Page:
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Various neuroimaging techniques can be used to investigate how the brain processes sound. Electroencephalography (EEG) is popular because it is relatively easy to conduct and has a high temporal resolution. An increasingly popular method in these fields is to relate a person’s electroencephalogram (EEG) to a feature of the natural speech signal they were listening to. This is typically done using linear regression or relatively simple neural networks to predict the EEG signal from the stimulus or to decode the stimulus from the EEG.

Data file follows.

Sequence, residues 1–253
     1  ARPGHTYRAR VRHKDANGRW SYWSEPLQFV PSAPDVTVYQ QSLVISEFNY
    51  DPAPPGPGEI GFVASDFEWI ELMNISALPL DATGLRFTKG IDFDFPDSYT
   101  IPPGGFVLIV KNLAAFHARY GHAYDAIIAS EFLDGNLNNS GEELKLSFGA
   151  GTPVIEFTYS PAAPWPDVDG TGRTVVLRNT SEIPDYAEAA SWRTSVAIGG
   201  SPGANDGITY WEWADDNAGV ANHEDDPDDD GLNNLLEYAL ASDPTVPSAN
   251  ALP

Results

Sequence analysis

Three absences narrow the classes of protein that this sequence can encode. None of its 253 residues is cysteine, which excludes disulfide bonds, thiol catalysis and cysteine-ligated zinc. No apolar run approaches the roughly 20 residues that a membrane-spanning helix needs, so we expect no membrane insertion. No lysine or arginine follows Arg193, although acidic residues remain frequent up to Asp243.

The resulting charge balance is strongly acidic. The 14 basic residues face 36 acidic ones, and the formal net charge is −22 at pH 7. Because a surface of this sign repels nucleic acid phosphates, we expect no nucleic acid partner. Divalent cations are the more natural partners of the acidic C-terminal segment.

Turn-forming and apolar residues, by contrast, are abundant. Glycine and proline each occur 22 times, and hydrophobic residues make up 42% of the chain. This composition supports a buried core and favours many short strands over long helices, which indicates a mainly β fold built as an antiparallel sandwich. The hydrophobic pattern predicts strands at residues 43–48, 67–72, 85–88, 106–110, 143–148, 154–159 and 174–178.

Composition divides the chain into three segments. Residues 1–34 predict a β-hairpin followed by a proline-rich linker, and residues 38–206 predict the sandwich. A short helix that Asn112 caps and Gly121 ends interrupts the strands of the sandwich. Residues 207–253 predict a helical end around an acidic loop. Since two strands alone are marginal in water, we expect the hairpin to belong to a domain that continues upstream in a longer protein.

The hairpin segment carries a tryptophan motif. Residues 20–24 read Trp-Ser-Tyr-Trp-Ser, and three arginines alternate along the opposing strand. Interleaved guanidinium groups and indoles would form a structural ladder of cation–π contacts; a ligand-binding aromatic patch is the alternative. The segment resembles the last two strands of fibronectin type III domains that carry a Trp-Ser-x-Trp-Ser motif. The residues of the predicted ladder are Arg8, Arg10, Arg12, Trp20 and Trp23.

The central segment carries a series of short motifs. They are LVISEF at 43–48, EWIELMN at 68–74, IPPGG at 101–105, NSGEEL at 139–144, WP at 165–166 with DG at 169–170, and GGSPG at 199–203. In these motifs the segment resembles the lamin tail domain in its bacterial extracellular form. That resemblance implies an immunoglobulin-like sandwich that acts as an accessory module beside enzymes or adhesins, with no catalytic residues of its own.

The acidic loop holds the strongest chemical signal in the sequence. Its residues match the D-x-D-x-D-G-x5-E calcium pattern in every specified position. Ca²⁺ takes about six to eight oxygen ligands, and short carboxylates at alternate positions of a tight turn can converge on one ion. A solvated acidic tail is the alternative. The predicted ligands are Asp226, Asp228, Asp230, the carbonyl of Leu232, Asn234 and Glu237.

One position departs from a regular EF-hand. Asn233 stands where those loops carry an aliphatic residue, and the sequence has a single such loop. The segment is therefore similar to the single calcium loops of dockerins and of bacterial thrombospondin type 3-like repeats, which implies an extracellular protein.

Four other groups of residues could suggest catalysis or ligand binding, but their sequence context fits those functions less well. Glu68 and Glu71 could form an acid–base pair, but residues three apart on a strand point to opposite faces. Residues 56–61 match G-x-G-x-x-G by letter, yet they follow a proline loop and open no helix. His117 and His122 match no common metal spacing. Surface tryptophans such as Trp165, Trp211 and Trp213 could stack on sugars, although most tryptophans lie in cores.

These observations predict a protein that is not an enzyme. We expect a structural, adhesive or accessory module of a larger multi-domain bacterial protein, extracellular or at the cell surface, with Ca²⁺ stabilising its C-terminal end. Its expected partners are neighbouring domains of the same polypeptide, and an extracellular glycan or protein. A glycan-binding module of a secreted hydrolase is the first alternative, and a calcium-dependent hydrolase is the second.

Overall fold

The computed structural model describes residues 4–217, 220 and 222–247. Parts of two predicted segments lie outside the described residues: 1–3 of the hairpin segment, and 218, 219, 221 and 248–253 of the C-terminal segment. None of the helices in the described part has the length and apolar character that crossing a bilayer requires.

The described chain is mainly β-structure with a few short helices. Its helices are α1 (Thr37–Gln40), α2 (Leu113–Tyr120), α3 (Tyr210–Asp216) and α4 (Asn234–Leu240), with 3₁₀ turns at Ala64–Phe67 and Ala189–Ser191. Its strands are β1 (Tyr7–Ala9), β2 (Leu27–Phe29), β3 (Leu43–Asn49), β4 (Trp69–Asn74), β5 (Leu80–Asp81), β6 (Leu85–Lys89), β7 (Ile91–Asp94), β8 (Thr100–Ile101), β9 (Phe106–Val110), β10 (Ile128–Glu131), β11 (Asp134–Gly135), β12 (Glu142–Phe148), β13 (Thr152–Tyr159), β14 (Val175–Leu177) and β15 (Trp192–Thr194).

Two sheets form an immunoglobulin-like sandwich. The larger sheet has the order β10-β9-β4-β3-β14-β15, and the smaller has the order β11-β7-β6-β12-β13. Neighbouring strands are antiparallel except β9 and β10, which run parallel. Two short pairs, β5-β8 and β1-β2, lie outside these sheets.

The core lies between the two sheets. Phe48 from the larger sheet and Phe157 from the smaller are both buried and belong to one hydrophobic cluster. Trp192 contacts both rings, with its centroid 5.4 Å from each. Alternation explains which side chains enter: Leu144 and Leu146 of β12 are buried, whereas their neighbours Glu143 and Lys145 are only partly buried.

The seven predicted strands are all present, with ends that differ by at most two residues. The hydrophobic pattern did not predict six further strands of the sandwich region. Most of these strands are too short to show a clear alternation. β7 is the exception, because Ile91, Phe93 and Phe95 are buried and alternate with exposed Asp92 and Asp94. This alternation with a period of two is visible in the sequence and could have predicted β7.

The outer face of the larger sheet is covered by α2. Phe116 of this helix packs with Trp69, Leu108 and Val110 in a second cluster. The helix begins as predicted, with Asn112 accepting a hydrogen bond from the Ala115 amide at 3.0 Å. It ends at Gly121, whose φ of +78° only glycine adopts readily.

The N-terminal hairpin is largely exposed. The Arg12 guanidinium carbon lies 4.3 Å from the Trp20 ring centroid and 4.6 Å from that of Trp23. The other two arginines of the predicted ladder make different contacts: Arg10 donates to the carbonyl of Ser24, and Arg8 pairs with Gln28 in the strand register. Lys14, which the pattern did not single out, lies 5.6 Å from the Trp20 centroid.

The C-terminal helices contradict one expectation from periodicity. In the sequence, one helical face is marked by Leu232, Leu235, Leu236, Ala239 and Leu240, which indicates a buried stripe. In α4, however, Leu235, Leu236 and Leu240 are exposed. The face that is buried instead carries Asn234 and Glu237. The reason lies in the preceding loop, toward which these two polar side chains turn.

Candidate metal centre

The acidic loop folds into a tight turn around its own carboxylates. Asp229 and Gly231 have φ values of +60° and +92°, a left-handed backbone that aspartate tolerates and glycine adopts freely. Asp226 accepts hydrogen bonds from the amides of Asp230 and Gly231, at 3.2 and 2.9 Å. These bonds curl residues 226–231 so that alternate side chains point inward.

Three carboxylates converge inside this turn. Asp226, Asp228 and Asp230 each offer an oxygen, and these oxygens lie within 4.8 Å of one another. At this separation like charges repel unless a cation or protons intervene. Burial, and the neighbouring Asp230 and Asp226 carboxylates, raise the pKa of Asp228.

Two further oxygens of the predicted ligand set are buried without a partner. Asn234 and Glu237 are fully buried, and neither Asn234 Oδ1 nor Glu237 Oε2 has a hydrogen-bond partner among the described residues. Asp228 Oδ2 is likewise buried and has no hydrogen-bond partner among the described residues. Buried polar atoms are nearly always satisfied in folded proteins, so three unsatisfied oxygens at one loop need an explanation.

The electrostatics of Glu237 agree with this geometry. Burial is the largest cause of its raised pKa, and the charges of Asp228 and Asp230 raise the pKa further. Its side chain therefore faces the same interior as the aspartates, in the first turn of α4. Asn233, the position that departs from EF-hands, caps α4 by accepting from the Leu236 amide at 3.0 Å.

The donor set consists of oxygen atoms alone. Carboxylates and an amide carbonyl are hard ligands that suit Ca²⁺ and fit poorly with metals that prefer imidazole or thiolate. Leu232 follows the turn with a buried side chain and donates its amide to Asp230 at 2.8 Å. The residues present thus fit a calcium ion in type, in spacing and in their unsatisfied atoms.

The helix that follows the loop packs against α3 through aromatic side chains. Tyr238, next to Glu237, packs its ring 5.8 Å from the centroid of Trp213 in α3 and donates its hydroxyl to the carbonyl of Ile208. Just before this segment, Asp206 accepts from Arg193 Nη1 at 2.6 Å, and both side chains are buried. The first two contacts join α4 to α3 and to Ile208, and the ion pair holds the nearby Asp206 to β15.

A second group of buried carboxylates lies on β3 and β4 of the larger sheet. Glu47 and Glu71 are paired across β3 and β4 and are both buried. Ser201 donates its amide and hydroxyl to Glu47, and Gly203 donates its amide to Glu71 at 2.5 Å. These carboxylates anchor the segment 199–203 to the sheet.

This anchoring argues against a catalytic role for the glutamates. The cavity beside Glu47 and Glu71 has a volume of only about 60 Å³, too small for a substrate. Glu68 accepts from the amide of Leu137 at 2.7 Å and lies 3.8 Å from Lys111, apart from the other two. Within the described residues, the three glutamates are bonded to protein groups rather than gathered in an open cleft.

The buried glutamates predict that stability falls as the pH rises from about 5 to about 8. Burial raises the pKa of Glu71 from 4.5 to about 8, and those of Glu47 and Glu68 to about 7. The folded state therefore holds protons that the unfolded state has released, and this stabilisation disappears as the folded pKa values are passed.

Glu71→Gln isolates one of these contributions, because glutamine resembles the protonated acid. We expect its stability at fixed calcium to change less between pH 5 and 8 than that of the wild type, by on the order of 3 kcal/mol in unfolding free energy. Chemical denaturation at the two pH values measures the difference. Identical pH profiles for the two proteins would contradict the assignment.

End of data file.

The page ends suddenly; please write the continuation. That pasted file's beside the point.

In the Auditory-EEG challenge, teams will compete to build the best model to relate speech to EEG. We provide a large auditory EEG dataset containing data from 85 subjects who listen on average to 108 minutes of single-speaker stimuli for a total of 157 hours of data. We define two tasks:
Task 1 match-mismatch: given two segments of speech and a segment of EEG, which segment of speech matches the EEG?
Task 2 regression: reconstruct the speech envelope from the EEG.
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